“They specialize in the ridiculousness” is a line Jessica Biel spouts early on in The A-Team, and that line represents the film as a whole. It’s nothing but ridiculous. This is the exact idea everyone has for a summer blockbuster: non-stop action, one-liners, not too grounded in reality and flat-out absurd.

For what it is, The A-Team works very well. It embraces its cartoonish elements and knows exactly what type of movie is. It delivers where it needs to and does so enjoyably. Plenty will say it takes itself too seriously- most likely because of the Cooper/Biel romance- but that couldn’t be further from the truth. If anything, it barely takes itself seriously at all.

Code-named Hannibal (Liam Neeson), Face (Bradley Cooper), Murdock (Sharlto Copley) and B.A. Baracus (Quinton ‘Rampage’ Jackson), these four agents make up “The A-Team.” They’re the best of the best (as any other cheesy action movie would point out). The film opens with the most cliche-ridden, obvious origin story around: we see how Face and Hannibal meet Baracus and Murdock. It’s laughably contrived, but part of the film’s charm.

After a few years as the decorated team are sent on a top secret mission in Baghdad that goes bad. The team is set up, court-marshaled and locked away. With the help of a mysterious C.I.A. agent named Lynch (Patrick Wilson), they get their chance to break out and clear their names. Their main goal: retribution, and uncovering who set them up. It won’t be easy though, as they will have to handle with Face’s cliched old flame Charisa Sosa (Biel).

It’s all very paint-by-numbers. It hits all the beats you would expect a film like this to. It’s following all the tropes we’ve seen before and it knows as much.This is a total homage to 80’s action films and it fits right in with that era. It’s pure B-movie cheesiness and all. The show itself was nothing but campiness and they’ve seemed to carry over that element heavily.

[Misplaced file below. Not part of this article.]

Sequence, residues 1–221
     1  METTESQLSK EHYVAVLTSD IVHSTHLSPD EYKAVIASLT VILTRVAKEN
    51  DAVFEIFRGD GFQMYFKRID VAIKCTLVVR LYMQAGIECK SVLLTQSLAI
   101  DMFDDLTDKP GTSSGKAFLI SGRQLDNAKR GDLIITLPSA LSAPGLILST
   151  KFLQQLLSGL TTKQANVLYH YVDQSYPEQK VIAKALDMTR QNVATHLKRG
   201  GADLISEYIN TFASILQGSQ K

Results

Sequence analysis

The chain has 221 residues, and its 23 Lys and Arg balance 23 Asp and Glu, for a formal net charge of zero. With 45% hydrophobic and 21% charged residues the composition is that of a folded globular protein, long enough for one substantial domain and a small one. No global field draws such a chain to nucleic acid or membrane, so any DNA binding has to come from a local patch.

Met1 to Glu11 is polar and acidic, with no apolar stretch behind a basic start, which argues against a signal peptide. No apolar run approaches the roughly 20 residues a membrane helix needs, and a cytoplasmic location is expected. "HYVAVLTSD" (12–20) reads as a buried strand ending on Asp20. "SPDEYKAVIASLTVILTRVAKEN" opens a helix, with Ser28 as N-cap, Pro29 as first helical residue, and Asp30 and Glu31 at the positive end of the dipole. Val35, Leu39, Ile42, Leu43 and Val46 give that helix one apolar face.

Even approaching a near two-hour running it time, it never loses steam. While just about all the moments between Biel and Cooper are a bit tiresome and dull, it’s not too prominent of a sub-plot. Every action set piece is distinct and they’re all well done. There’s no frantic quick cutting – except for a few small moments – but it’s mostly well-choreographed and comprehensible.

Director Joe Carnahan showed an eye for action in his wonderful BMW short Ticker, not to mention the underrated Smokin’ Aces. Here he shows a true knack for crafting competent action. Carnahan definitely revels in the more ridiculous side of things this time around, but it’s all exciting nonetheless. He never worries about realism and for a film like this, that’s a good thing. Carnahan handles the tone so well he can getaway with having a tank fight off fighter jets midair. It’s silly for sure, but in the best way possible.

Meanwhile, Neeson continues his streak of being a man’s man. While he’s done plenty of action films in the past, he’s now starting to standout in that arena. Neeson is a commander on screen, hamming it up a bit here, which audiences will be grateful for. Copley shows he’s got comedic chops and is capable of more than what he showed in District 9. Jackson isn’t an annoying Mr. T lookalike at all and Cooper shows he’s decent at playing the same character over and over again. Cooper has his charms, but this is a character he seems to get stuck playing rather too often i.e. the cocky one.

Unless this becomes a major franchise, The A-Team will most likely be forgotten. There’s plenty of films just like this and plenty of more that work even better. That said, it’s hard to deny that The A-Team is a highly enjoyable action romp. It fares far more favorably than most of the films we’ve seen this summer.

Grade: B

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